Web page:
Emmanuel Macron and Boris Johnson

Source: Shutterstock/Frederic Legrand – COMEO

French President Emmanuel Macron and Boris Johnson

What greatly concerns me is the growing attitude of just wanting the process over, heedless of how it is settled.

Those of us convinced that leaving will disastrously weaken our economy, damage the EU economies and threaten the peace dividend that Europe has enjoyed now for an unprecedented 74 years must continue to champion the remain cause.

With a belligerent Russia under Putin, this is no time to divide and weaken Europe’s defence forces.

Boris Johnson has nailed his colours to the Brexit mast, for an exit, deal or no deal, on 31 October. Parliament has outlawed a no-deal exit and a general election cannot be held unless two thirds of the MPs vote for it under the Fixed Term Parliaments Act.

So a further extension of the exit date will have to be requested by Johnson, or his replacement, and to persuade the EU to agree, the UK will need to commit to holding a second referendum, the result of which must be binding.

It should be held when the universities are closed, with the students at home and able to vote. In the first referendum, 23 of the cities in which our top 30 universities are situated voted to remain and just seven to leave.

Our leading centres of academia and commerce, which overwhelmingly voted remain, included Liverpool (where the margin was 16.4%); London and Belfast (19.8%); Manchester (20.8%); Bristol (23.4%); Glasgow (33.2%); Oxford (40.6%); Cambridge (47.6%); and Edinburgh (48.8%).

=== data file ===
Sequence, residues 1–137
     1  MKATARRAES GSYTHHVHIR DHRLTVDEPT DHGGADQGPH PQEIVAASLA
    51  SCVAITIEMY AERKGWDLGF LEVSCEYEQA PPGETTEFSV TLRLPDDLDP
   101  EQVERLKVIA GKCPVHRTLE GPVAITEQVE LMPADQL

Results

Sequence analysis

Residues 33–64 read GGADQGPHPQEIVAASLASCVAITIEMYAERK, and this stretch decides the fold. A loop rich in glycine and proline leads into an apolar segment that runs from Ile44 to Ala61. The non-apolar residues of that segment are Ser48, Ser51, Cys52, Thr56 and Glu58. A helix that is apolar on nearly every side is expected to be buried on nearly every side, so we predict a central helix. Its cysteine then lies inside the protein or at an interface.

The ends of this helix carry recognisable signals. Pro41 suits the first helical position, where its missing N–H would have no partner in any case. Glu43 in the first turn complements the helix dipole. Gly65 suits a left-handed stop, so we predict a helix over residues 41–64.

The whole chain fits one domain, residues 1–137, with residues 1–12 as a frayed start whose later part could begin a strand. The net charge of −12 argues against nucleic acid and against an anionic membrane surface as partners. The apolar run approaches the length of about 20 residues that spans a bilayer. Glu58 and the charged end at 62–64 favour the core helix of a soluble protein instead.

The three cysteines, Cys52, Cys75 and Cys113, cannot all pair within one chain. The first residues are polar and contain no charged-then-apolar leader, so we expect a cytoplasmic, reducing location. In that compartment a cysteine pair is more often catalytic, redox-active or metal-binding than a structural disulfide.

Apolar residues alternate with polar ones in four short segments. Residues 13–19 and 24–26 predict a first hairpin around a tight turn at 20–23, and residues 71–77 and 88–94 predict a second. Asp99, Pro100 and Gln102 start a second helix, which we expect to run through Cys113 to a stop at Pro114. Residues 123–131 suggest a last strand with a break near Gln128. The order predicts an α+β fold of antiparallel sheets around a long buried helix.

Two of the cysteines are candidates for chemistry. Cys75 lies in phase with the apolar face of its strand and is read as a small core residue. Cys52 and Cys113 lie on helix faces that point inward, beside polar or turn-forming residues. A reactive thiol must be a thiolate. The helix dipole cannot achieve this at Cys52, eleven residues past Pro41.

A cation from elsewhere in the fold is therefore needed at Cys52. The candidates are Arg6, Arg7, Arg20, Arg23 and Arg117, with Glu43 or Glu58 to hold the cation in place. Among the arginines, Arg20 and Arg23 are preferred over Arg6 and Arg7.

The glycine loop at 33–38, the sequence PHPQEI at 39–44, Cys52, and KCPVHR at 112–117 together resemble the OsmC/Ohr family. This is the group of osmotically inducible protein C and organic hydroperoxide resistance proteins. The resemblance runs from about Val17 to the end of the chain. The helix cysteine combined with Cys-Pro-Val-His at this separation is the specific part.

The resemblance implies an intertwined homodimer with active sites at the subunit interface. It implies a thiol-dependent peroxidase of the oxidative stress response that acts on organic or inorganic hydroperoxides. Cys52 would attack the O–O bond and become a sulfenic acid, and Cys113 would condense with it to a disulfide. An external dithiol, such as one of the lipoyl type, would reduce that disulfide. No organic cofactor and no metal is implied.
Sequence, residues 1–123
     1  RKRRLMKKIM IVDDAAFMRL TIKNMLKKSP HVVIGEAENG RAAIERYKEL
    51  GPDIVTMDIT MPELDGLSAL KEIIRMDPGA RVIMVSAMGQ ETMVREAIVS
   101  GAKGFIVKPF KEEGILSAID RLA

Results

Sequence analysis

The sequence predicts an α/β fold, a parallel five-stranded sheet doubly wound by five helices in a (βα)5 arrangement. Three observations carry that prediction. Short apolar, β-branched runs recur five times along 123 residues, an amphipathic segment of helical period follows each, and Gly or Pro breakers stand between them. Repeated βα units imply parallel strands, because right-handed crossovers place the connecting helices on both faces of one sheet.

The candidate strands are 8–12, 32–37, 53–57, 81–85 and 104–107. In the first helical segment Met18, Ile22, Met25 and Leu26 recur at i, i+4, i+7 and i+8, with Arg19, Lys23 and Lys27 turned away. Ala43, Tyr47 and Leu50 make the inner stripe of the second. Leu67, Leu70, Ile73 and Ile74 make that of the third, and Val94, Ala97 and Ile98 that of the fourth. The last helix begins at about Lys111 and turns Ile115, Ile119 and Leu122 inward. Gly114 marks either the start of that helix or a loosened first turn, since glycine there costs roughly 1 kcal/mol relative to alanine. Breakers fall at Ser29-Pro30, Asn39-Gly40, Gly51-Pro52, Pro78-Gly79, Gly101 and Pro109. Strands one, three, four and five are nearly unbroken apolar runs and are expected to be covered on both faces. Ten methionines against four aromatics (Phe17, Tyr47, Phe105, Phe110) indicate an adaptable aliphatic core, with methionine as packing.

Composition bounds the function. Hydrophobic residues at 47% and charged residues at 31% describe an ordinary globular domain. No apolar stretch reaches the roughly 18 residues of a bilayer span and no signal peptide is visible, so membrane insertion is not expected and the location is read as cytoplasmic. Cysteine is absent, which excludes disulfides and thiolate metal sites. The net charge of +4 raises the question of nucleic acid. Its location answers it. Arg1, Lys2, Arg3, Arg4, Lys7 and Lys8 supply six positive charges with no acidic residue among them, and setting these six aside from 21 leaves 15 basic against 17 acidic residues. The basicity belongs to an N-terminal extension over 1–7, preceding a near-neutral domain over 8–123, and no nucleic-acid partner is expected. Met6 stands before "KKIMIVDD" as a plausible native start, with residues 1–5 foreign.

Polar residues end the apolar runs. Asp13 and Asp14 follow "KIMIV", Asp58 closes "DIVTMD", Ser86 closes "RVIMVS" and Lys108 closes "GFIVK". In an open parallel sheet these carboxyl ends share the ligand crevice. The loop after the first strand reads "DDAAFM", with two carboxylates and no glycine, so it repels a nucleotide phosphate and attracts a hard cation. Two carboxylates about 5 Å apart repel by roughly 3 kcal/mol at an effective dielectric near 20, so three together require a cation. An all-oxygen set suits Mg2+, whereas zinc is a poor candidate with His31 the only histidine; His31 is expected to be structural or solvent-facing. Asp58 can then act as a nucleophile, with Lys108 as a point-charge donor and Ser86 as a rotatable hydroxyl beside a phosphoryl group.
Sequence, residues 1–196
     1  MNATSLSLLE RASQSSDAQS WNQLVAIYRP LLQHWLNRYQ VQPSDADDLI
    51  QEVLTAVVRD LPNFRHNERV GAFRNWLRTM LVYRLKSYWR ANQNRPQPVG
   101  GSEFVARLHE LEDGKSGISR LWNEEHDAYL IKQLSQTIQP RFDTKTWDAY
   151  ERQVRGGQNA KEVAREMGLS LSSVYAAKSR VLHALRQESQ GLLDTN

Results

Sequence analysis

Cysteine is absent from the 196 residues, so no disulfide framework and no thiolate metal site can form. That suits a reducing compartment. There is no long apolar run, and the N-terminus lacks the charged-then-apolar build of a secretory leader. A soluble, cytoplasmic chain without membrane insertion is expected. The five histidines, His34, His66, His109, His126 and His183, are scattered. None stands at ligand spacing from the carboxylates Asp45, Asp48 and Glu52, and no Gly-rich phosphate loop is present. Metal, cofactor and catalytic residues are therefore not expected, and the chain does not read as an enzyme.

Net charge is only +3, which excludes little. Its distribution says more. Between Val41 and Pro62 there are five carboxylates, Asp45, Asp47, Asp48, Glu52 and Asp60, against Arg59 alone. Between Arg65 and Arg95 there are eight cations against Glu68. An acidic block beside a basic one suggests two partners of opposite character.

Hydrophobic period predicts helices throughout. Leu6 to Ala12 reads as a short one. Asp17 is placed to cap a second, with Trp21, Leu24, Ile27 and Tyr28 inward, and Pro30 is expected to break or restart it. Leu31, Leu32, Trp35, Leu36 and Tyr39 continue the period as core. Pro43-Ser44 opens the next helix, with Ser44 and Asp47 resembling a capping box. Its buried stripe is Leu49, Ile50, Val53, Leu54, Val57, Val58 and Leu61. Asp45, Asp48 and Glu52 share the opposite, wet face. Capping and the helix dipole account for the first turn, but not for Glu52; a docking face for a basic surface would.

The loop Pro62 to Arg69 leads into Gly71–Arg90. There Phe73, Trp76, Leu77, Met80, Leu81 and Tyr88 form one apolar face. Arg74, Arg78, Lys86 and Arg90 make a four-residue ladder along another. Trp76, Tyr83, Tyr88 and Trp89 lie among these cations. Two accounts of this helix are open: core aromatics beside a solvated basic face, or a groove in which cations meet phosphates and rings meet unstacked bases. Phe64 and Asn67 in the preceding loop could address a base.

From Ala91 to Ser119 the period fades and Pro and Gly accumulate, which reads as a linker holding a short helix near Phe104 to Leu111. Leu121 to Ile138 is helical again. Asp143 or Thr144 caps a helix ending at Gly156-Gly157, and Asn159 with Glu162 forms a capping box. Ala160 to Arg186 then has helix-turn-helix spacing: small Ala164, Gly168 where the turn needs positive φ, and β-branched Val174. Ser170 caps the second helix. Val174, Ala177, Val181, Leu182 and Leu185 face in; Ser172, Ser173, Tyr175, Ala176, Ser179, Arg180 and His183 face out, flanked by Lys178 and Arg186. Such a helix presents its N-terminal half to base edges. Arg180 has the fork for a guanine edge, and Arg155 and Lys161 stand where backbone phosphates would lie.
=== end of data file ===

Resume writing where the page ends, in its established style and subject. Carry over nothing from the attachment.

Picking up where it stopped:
The leave cities’ margins included Lancaster (0.2%); Birmingham (0.8%); Nottingham (1.6%) and Sheffield (2%).

The highest leave vote margins were in socially and economically deprived towns, including Boston (75.6%): Great Yarmouth (71.5%); Mansfield (70.9%); Hartlepool (69.6%); and Stoke (69.4%).

Our faltering economy, the 24%-plus sterling devaluation and the myriad unforeseen negative consequences of resigning from a club after 46 years of membership have already proved that our deprived areas are set for further deprivation, should we leave.

If parliament cannot secure a majority to revoke Article 50, despite more than 450 of them having being remainers in 2016, a second referendum is the only way to repair our broken country and rebuild its prosperity.

Anthony H Ratcliffe, Ratcliffes